Published on July 7th, 2016 | from CAMH Education
CAMH Education Evaluation Team Wins at #CES2016
It was a win for CAMH Education when Erica Downes and Megha Bhavsar attended the Canadian Evaluation Society’s conference in St. John’s, Newfoundland this June. Their poster presentation Innovative evaluation methodology: using simulation for curriculum improvement won the Social Sciences and Humanities Research Council (SSHRC) Best Poster Session Prize.
We asked Erica, Manager of Evaluation in CAMH Education and Megha, Evaluation Co-ordinator in CAMH Education—who work with support from Latika Nirula, Director of Simulation and Teaching Excellence—to tell us a little more about their proposed evaluation methodology as it was featured on the poster.
We have been working with our colleagues in the Simulation Centre and the Temerty Centre for Therapeutic Brain Intervention, to evaluate their annual electroconvulsive therapy (ECT) training workshop for PGY1 residents.
This program teaches residents how the procedure is performed, how to read and understand EEG recordings and how to obtain informed consent through didactic lectures, observation, and in-situ simulation and debriefing as education methods.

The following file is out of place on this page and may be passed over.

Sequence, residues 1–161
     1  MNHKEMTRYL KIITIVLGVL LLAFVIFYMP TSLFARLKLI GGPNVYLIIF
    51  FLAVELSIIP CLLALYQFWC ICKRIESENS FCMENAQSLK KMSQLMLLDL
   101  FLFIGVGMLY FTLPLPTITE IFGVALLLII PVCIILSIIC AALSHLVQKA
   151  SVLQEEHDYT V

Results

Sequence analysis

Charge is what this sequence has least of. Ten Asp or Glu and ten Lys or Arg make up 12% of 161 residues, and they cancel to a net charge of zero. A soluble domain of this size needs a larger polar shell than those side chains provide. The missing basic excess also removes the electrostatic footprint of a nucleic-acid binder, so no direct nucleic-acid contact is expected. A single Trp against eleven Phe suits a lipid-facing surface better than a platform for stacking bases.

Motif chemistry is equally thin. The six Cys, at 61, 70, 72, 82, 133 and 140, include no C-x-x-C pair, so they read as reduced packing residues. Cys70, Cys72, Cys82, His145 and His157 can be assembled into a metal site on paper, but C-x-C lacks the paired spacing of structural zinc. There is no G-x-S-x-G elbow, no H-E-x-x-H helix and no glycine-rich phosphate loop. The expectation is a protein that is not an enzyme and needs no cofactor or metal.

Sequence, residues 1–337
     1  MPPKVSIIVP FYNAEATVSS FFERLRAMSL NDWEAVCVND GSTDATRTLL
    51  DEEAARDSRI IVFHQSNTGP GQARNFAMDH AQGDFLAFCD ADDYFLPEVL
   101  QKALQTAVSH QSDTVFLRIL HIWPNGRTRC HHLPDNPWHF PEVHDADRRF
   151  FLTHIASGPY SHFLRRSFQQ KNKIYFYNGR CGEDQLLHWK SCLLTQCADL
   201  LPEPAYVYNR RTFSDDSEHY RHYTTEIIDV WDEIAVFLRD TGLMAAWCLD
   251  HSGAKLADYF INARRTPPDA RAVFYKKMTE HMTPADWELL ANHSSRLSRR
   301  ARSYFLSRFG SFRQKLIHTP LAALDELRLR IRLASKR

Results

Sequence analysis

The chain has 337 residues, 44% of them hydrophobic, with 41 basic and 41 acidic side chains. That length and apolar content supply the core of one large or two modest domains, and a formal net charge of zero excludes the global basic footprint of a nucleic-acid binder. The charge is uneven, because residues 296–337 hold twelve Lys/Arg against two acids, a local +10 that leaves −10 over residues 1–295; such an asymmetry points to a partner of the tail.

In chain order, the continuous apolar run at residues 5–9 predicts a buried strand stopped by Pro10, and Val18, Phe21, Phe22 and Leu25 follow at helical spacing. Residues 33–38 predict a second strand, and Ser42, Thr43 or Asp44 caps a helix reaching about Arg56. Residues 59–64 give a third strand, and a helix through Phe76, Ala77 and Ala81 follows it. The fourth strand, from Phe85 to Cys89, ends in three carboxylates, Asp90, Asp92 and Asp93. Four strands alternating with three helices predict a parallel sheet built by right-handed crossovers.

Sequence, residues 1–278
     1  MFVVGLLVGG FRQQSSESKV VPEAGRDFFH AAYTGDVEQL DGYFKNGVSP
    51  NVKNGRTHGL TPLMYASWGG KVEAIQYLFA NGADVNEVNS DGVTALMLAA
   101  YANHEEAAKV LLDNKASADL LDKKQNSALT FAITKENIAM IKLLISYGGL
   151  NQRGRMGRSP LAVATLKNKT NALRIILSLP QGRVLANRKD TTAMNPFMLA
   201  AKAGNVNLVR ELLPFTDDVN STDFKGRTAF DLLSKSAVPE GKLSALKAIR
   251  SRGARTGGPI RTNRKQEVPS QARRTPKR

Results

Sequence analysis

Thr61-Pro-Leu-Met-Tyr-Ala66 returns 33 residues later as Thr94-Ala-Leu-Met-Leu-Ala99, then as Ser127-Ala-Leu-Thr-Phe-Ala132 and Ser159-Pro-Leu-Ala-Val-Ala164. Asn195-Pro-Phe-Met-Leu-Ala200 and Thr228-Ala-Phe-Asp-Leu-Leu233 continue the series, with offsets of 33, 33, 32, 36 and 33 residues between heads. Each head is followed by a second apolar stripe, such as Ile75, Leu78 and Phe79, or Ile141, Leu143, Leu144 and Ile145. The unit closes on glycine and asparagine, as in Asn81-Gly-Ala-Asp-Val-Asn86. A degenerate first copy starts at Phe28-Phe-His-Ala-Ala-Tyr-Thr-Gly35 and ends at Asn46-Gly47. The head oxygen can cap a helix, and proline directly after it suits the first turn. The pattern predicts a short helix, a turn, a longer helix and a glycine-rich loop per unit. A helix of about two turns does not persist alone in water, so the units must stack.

With simulation, there’s an opportunity to evaluate the effectiveness of the program through performance and self-reflection data, and so this year the evaluation team proposed a new methodology that incorporates simulation to the ECT program.
In addition to residents completing the pre- and post-test surveys to assess their knowledge uptake, the evaluation team proposed that residents complete an immediate self-reflection assessment on their performance and experience with the simulation in each of the three training stations: obtaining informed consent, procedural ECT skills, and reading EEGs.
At the end of the training session, residents will watch a video of an ECT procedure with multiple errors. They will need to identify at least five errors. By triangulating the residents’ level of knowledge reported in the pre-and post-tests, self-reflection, and types of errors recognized and missed in the video, there is an opportunity to identify areas of the program that show high outcomes and areas of the program that require improvement.
On May 31, we applied the new methodology to the 2016 ECT training program and we’re currently analyzing the data to evaluate the relationship between the simulation outcomes and experiences, and the educational content of the training program.
With ongoing evaluation of our education programs like the ECT workshop, we can better understand the learning outcomes for participants as well as identify areas for program improvement to ensure our programs are addressing our learners’ needs and that we are delivering high quality education.